How do you shrink a government? That is a thorny political question anywhere in the world but especially in Brazil, which has traditionally favoured a bloated state.
Now, however, the new government of interim president Michel Temer is trying to tackle this issue as it grapples with a fiscal crisis that is threatening to unwind the country’s economic achievements of recent decades.
Mr Temer’s answer is as bold as it is unorthodox — a constitutional amendment to freeze for the foreseeable future public expenses in real terms at 2016 levels. If implemented, the move could help cure one of Brazil’s biggest ills — a spendthrift budget with constitutionally mandated expenditures that have led to constant increases in government spending. This has been exacerbated by a blowout in spending by the previous governments of the leftist Workers’ Party, or PT.
“I’m very encouraged by this,” said Raul Velloso, an economist and specialist on Brazil’s budget. “If we manage to do this, we will free ourselves of the possibility of future populist experiments.”
Brought to power after congress voted in May to begin impeachment proceedings against President Dilma Rousseff, Mr Temer and his supporters in congress have staked their rule on solving a deep economic crisis afflicting Brazil.
The economic dip was fanned by a fall in commodities prices but its ferocity is due to a crisis of confidence among investors in the ability of Ms Rousseff to restore Brazil’s sinking public finances after more than five years in power.
If gross domestic product in the first three months of this year declined again as expected when the figures were announced on Wednesday, in just two years, Brazil’s per capita real GDP would have declined by nearly 10 per cent, Goldman Sachs economist Alberto Ramos said in a report.
This would exceed the 7.6 per cent contraction in the economy during the country’s so-called “lost decade” of the 1980s, a period of runaway inflation. He said he expected the economy would start to bottom out during the second half on stabilising sentiment amid hopes “the new administration will be able to boost domestic confidence by showing tangible progress on the fiscal consolidation agenda”.
Mindful of the need to satisfy investors’ hopes, Mr Temer’s first success as interim leader was to pass a new bill this month setting a more “realistic” target for the budget.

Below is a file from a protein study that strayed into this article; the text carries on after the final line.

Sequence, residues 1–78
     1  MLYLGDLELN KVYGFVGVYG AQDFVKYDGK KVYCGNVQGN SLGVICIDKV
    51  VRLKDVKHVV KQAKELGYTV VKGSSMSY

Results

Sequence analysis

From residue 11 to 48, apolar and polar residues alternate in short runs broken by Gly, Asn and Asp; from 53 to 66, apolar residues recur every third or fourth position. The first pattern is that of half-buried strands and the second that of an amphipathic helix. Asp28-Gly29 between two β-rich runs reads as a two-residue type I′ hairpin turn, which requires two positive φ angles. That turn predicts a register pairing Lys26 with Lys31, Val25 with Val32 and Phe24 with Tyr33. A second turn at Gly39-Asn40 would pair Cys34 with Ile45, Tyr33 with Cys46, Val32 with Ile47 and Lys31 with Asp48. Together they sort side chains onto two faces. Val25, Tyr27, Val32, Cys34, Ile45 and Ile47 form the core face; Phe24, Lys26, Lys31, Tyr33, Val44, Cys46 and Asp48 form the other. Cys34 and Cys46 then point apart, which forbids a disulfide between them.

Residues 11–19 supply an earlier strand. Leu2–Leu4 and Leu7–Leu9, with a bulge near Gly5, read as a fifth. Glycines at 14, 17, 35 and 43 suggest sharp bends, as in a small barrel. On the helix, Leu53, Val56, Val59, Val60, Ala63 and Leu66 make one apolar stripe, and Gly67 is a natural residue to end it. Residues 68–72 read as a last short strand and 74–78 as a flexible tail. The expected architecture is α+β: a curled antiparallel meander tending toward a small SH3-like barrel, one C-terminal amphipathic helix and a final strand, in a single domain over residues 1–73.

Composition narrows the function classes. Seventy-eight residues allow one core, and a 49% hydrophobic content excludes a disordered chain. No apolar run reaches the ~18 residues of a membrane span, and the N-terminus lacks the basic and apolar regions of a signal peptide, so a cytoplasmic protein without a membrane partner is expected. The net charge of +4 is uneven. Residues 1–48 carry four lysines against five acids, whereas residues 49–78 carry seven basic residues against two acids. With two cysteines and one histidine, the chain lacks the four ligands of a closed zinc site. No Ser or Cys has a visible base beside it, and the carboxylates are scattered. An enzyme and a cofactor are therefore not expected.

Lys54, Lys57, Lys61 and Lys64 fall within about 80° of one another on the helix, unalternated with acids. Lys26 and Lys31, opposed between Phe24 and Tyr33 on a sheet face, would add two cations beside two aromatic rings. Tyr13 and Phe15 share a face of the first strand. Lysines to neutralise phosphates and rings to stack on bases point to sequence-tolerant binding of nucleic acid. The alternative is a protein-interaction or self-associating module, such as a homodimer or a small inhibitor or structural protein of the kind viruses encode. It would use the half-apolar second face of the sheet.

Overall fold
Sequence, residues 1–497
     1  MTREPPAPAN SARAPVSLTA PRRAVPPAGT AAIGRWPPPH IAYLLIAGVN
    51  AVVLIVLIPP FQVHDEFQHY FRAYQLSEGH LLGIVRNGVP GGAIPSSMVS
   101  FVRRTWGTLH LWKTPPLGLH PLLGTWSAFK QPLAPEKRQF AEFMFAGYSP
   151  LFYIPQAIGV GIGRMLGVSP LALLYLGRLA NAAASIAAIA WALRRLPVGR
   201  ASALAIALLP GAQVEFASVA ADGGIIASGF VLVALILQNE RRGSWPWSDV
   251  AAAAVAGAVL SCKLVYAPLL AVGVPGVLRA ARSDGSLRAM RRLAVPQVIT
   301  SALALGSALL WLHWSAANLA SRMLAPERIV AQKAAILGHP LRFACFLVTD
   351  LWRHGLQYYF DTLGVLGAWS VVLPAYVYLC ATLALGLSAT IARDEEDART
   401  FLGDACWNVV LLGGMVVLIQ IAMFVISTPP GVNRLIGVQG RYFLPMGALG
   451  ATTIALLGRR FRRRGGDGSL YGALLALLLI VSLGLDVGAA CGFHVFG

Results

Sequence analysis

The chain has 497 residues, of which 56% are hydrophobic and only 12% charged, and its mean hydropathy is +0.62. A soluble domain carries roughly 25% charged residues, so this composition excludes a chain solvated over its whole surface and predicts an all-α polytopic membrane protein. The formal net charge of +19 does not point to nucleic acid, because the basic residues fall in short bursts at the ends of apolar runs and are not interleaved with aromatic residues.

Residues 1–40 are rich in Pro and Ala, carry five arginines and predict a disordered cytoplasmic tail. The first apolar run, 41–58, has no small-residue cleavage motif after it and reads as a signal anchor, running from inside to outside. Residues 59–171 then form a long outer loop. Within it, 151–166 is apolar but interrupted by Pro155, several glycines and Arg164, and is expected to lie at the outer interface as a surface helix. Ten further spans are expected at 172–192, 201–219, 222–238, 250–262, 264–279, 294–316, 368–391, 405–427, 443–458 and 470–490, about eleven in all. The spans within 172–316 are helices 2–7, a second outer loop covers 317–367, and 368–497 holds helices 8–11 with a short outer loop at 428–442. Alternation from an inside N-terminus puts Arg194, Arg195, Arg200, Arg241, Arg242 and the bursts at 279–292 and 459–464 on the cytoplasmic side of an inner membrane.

The bill envisaged a primary fiscal deficit — the balance before interest payments, considered a key gauge of fiscal health in Brazil — at a record of nearly R$ 171bn for the central government, or 2.75 per cent of GDP. This was up from R$ 97bn set by Ms Rousseff.
Once interest rate payments are added, the total deficit for the central government is running at around 10 per cent. This is driving government debt up, placing an enormous strain on the budget with the benchmark Selic rate at 14.25 per cent
To help solve this, the government is proposing a law restricting any future increases in budgetary spending to the past year’s inflation.
To implement the law, the government will need to propose a constitutional amendment delinking certain dedicated revenue streams from health and education. It will also in the longer term have to change linkages between the minimum wage and public sector salaries and pensions, a tough issue with the unions.
The law would help freeze a constant increase in the size of the Brazilian state. Central government spending alone has risen from 14 per cent of GDP in 1997 to 18.6 per cent in 2015. The overall government including states and municipalities spends about 40 per cent of GDP — the equivalent of an advanced economy without the services.
In a report, Moody’s Investors Service described the proposals as short on detail and “arduous” to implement and said it did not see a clear path to implementing structural reforms.
“It’s very across-the-board, you could call it a blunt instrument,” Samar Maziad, a senior analyst at Moody’s said of the budget expenses limit. “The important point is to know what exactly is going to be cut and this is why we don’t have enough information.”
David Beker, an economist with Bank of America Merrill Lynch, said the measure looked “aggressive”. One problem was that it did not allow for countercyclical policy for future economic crises.
“Normally, you discuss every single year depending on the situation, what you expect for the following year in terms of expenditures,” Mr Beker said.
However, Mr Velloso said once the economy started growing again, tax revenues would rise at a faster rate than inflation, allowing the government to accumulate ever greater primary fiscal surpluses and pay down debt.
He said the crisis had created an ideal opportunity to pass such difficult measures. Since most of congress had supported the impeachment, members needed to support Mr Temer’s measures to resurrect the economy or risk being collectively blamed for Brazil’s situation.
“Temer can go to congress and say: ‘Listen, if we commit an error here, we’ll all be held responsible for the disaster’. We can’t let that happen,” Mr Velloso said.
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